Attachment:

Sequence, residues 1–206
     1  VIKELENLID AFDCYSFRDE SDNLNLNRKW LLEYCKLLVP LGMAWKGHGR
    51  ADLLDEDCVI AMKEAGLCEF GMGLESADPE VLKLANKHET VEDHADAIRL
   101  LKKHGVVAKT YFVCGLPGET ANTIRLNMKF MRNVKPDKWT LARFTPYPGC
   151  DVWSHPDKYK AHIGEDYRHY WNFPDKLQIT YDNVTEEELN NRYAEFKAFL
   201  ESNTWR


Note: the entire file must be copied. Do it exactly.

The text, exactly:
Sequence, residues 1–206
     1  VIKELENLID AFDCYSFRDE SDNLNLNRKW LLEYCKLLVP LGMAWKGHGR
    51  ADLLDEDCVI AMKEAGLCEF GMGLESADPE VLKLANKHET VEDHADAIRL
   101  LKKHGVVAKT YFVCGLPGET ANTIRLNMKF MRNVKPDKWT LARFTPYPGC
   151  DVWSHPDKYK AHIGEDYRHY WNFPDKLQIT YDNVTEEELN NRYAEFKAFL
   201  ESNTWR